The Reason The Pontiac Aztek Was A Failure

Words can't quite describe the strange appearance of the Pontiac Aztek. It sports a truly bizarre two-tier front fascia that looks like it's in pain, like perhaps it was created by a team of aliens that had never seen another SUV before. It's a spectacularly wild design that flat out didn't work. All told, GM made the Aztek for only five model years from 2001 to 2005.

In the automotive world, far out designs can sometimes work in a car's favor. High-end vehicles like the new Ford GT and the Corvette C8 look like fighter jets with a powertrain warranty. Even more pedestrian vehicles, like the recent offerings from Lexus and Hyundai, have front grilles that are a departure from standard design conventions. Those vehicles have enjoyed mainstream success, and some are even heralded as examples of interesting design.

Pontiac's poor Aztek, however, did not enjoy that same praise. At best, it might be remembered as the car that chemistry teacher-turned drug dealer Walter White drove in the hit drama "Breaking Bad." Even then, it was used to illustrate White's initially mundane life. 

At worst, the Aztek is known as one of the most terrible automotive designs of all time and is even sometimes credited with killing the entire Pontiac brand. That characterization may be unfair, but the Aztek is not without fault. Just look at it. The car looks guilty, or sad, or angry, maybe all of the above.

No idea is too bad

To understand the Aztek, one has to take a look at the state of Pontiac in beginning of the 21st century. By the time 2000 hit, Pontiac's glory days were mostly behind it. Gone were the days of the GTO, and the Firebird and Trans Am were shadows of their former selves. It was a dismal state of affairs. Pontiac enjoyed some success with the Montana minivans, but those were essentially Chevy Venture vans with some extra features and a Pontiac badge.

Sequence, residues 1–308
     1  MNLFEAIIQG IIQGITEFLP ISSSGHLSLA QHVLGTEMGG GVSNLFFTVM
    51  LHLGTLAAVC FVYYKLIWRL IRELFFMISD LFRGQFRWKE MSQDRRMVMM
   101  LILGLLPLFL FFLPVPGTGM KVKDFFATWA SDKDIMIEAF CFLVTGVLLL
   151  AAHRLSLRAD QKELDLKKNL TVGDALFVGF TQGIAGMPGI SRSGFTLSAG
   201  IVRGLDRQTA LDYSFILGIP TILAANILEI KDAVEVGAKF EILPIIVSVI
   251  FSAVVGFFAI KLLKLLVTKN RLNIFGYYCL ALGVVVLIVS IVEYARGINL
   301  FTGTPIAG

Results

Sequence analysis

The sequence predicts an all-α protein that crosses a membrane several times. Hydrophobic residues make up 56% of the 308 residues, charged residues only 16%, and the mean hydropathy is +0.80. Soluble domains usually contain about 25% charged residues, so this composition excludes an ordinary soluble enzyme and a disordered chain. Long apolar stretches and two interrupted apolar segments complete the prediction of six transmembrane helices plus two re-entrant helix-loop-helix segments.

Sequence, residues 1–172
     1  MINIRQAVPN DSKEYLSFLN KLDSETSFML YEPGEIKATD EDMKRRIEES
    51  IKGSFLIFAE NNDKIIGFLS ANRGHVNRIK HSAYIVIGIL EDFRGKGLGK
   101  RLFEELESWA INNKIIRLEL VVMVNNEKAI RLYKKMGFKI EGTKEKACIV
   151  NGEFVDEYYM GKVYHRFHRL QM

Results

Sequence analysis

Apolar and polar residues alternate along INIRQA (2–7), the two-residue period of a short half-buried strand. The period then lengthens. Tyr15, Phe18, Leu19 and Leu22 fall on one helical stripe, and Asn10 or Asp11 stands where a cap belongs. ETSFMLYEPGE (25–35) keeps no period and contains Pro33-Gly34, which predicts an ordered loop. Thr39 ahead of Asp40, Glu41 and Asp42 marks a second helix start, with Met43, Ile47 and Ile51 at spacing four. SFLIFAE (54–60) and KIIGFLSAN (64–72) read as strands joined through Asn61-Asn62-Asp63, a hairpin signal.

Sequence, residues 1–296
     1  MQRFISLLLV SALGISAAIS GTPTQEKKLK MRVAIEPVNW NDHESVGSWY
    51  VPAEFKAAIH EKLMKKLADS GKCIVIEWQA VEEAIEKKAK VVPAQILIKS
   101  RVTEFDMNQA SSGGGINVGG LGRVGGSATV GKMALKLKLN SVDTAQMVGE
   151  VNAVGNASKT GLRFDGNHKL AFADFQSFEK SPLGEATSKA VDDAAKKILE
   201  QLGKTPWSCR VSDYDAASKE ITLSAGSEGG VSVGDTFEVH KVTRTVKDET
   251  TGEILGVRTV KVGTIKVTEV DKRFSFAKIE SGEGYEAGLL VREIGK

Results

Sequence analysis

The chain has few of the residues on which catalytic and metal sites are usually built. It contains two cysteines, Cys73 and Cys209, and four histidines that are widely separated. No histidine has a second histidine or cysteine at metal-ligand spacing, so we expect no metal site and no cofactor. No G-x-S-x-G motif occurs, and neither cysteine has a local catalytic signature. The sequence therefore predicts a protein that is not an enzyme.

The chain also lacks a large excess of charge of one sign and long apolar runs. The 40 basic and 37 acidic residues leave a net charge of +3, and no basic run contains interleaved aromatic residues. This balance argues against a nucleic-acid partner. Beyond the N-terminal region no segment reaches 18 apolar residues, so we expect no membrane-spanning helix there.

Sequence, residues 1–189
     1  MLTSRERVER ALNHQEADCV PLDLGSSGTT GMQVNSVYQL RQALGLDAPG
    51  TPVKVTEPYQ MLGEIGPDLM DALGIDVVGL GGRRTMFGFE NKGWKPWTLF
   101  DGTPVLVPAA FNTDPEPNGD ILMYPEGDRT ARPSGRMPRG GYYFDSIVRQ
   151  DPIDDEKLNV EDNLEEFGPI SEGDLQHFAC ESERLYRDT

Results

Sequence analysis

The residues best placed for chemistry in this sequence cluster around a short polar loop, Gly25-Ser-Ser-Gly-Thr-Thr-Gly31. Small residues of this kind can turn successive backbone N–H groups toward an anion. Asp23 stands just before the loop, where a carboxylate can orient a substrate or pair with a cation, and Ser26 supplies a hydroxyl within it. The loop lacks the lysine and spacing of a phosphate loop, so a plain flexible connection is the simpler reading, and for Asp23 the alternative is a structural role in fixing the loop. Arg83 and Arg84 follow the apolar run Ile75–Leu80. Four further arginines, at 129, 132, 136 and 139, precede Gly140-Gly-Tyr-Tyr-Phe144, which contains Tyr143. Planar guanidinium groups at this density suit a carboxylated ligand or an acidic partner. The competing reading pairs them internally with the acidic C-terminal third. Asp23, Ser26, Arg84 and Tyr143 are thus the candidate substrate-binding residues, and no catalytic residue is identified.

As a result, Pontiac had to innovate, and they needed to do it now, according to Bob Lutz, the former vice chairman of product development at GM (via Road and Track).

Everyone has heard the joke that a camel is just a horse designed by a committee. That's exactly what the Aztek was. Seemingly every designer at GM got the memo to make the wackiest vehicle possible and no design choice was too strange. According to Lutz, GM's corporate culture at the time dissuaded anyone from having a differing opinion. Even focus groups hated the design, but Pontiac moved forward with it anyway. 

This aggressive push from the brass at GM ensured that the Aztek met all of its design and production deadlines. On paper, it looked like it was going to be a major success. 

A sales disaster

In reality, the Aztek's fate was a different story.

Despite looking like an SUV that was already in a front-end collision, the Aztek did actually have something going for it. GM played it safe with the engine. It was powered by the same 3.4L V6 inside all of GM's minivans of the era. Reviews from the time report that, despite a flimsy-feeling interior, the Aztek was well appointed compared to some of its contemporaries. It was available with all-wheel drive and had XM radio. Internally, however, it was just a tall General Motors minivan. 

Sales numbers for the Aztek were not stellar though. In 2000, Pontiac sold just over 11,000 Azteks. At its peak, 27,700 models left the lot in 2002. After barely five years, GM decided enough was enough and ended production. Leftovers languished on dealership lots for a while, and Pontiac managed to sell 25 remnant Azteks in 2007, a full two years after production ended. It's safe to say the focus groups had the right idea.